Childhood obesity is a stubborn problem to reverse in communities starved for cash. In a new five-year plan, Chicago health advocates put a priority on targeting funds and tracking results.
“We are not seeing significant improvement in disparities,” dietitian and food consultant Tracy A. Fox told the Consortium to Lower Obesity in Chicago Children. The group outlined its policy agenda at a Sept. 16 meeting.
A decades-long rise in obesity rates has leveled off at 17 percent, according to Centers for Disease Control and Prevention data. “It’s a plateau at an insanely high rate,” Fox said.
The overall trend also disguises rising obesity rates among minorities. “For African-Americans in particular we are seeing pretty significant increases. So I think we have our work cut out for us,” she said.
“As you discuss your policy agenda for this coalition, I would think about always viewing what you’re doing through the lens of how this would impact disparities,” Fox advised. “If you’re going into a middle- or upper- income school and you’re making significant changes, that’s really cool and that’s really nice. But are you then widening the gap between what’s happening in the city with African American and Latino kids and white middle- and upper-income kids?”
The group is refocusing priorities as both city and state lawmakers consider one of its initiatives, a tax on sugary beverages.
“There’s an argument to be made, if you’re just looking to lower consumption, then where that money goes is maybe not as important as just raising the price of soda,” said executive director Adam Becker. Still, the group is pushing for proceeds to benefit public health instead of sweetening general revenues.
“The feasibility is not really a question anymore,” Becker said. “It’s more the political will.”
The City Council health committee in September considered a penny-an-ounce tax. But its chair, Ald. George Cardenas (12th Ward) has not committed to advancing the plan. A state tax on distributors gained Chicago and suburban sponsors but has not advanced in the Legislature.
“It shows momentum,” said Elissa Bassler, chief executive of the Illinois Public Health Institute. “It’s being seriously considered as a source of revenue to improve health and invest those revenues into health initiatives.”
As new policies gain traction, data analysis has emerged as a priority. “Just because a bill got signed into an act or an ordinance passed doesn’t necessarily mean the things you intended to have happen are indeed happening,” Becker said. “A lot of the real hard work comes when you have to then monitor where things are going.”
For example, Illinois requires schools to take body-mass measurements, but the consortium wants the data tracked to identify areas in need. In the latest review of Chicago Public Schools data, roughly half of students were overweight or obese in 11 of Chicago’s 77 community areas.
The coalition of public-health advocates wants to build on recent legislative victories. Childcare centers in Illinois now must meet standards on physical activity, nutrition, screen time and breastfeeding. The group seeks to extend the licensing requirements to child-care family homes.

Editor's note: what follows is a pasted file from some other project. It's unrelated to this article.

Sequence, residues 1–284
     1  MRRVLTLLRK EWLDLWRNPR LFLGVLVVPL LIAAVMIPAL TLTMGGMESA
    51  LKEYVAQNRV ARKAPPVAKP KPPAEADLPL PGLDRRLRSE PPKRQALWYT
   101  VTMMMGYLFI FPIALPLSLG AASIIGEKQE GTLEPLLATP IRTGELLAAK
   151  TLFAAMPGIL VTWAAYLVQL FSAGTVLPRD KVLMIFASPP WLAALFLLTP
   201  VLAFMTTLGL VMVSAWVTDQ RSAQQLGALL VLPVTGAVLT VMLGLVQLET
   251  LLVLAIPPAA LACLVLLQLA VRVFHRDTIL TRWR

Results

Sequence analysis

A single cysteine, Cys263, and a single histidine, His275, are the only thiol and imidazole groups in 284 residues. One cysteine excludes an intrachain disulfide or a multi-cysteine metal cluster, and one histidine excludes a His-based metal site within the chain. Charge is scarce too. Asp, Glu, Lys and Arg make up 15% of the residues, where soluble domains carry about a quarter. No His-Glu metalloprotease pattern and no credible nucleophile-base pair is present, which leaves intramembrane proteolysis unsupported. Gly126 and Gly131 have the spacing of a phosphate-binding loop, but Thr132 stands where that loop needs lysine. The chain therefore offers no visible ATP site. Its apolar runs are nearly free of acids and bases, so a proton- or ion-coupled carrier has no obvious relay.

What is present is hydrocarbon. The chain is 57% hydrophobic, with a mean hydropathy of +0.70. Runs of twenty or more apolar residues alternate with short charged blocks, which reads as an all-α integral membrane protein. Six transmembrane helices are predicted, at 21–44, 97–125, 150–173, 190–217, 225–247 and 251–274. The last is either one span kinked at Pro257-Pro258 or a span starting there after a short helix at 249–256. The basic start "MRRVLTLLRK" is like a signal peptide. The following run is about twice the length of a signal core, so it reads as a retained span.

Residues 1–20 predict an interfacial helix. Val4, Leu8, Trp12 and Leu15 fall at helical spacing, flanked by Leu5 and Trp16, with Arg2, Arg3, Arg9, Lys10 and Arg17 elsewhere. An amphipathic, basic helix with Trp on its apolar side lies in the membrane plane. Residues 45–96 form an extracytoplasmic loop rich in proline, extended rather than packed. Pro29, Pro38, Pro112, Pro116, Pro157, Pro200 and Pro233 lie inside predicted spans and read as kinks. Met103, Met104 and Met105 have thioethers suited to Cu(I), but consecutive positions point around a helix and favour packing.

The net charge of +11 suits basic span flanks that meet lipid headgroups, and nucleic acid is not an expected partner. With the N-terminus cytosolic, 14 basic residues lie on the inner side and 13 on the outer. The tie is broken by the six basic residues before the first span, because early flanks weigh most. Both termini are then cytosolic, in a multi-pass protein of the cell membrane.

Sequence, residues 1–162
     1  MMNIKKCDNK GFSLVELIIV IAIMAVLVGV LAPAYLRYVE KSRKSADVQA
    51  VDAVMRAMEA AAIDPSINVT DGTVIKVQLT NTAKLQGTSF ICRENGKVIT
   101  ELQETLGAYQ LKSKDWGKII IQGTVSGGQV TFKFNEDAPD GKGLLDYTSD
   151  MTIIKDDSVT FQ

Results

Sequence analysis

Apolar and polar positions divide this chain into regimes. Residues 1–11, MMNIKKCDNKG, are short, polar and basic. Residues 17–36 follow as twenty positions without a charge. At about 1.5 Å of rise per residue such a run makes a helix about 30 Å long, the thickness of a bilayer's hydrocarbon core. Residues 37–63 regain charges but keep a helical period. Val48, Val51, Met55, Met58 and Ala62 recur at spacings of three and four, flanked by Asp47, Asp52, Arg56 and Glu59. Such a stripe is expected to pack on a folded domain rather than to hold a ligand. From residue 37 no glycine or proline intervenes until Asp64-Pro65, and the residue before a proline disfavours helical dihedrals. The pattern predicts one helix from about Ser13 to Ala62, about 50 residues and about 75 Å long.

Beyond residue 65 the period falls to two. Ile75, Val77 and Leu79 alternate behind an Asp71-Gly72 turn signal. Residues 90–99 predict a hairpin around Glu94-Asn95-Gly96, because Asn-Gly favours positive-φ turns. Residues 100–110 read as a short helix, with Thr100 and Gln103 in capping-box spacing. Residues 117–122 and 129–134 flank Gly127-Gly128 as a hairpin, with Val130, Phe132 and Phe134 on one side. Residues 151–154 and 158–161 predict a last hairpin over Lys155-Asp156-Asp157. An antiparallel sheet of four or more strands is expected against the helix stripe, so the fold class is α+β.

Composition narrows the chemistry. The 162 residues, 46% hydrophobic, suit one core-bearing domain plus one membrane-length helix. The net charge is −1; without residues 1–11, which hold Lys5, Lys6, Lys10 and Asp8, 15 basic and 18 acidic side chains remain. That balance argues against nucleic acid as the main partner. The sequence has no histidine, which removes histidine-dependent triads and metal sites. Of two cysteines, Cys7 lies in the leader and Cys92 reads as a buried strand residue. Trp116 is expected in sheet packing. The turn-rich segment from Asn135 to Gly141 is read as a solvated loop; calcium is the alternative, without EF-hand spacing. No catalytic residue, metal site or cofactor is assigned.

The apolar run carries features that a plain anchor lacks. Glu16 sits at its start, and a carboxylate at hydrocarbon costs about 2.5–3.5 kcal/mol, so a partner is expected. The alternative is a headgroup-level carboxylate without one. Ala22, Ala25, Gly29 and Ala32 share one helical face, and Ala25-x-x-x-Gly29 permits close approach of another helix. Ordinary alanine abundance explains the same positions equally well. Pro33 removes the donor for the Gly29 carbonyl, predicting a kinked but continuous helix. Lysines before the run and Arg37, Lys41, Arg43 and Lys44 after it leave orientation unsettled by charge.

Less sugar and fat are now required in subsidized school food programs, along with more vegetables, fruits, whole grains, lean protein and low-fat dairy. The consortium wants to maintain the higher standards and expand a federal summer nutrition program, which reaches only 15 percent of eligible children in Illinois.
“We work a lot in school breakfast,” said Bob Dolgan, executive director of the Greater Chicago Food Depository. “And it’s surprising even in low-income school districts how few administrators think about the fact that they have children coming to school without a meal and not eating until lunchtime. How can they possibly concentrate and excel in school without a meal?”
The group also pledges to spread novel ideas such as doubled food stamp benefits at farmers’ markets, a loan pool to build grocery stores in food deserts, and a “baby friendly” designation for hospitals that support breastfeeding.
And it advocates plans to encourage recreation and make streets safer. “In the first several iterations of the transportation bill, there’s been a big shift of more money for walking and bicycling,” said Melody Geracy, deputy executive director of the Active Transportation Alliance. “It is still a microscopic grain of sand in terms of the overall transportation budget. Still, it’s a target” for cost-cutters, Geracy said.
The group’s five-year plan retools an agenda set at a 2010 conference of local advocates. Policy-focused members shared a draft this spring with the group’s executive committee. Becker said national advisors provided details on policy specifics. Lurie Children’s Hospital, where the consortium is based, checked for conflicts with its own positions.
“You all as a city are probably farther ahead than a lot of even big urban cities in terms of really trying to come together with a unified agenda,” Fox told the group.
The policy document says political support is “particularly threatened” for federal health supports such as Racial and Ethnic Approaches to Community Health. The CDC program pays for health screening in Chicago minority communities.
She advised local advocates to talk up their victories. “The more evidence base you have, the better,” she noted, but success stories from the front lines are more likely to engage lawmakers.
Local policy strategists suggested that closing gaps in outcomes will require wider access to preventive care. “Reducing disparities isn’t the same as creating equity,” said Joseph Harrington, regional health officer for the Illinois Department of Public Health.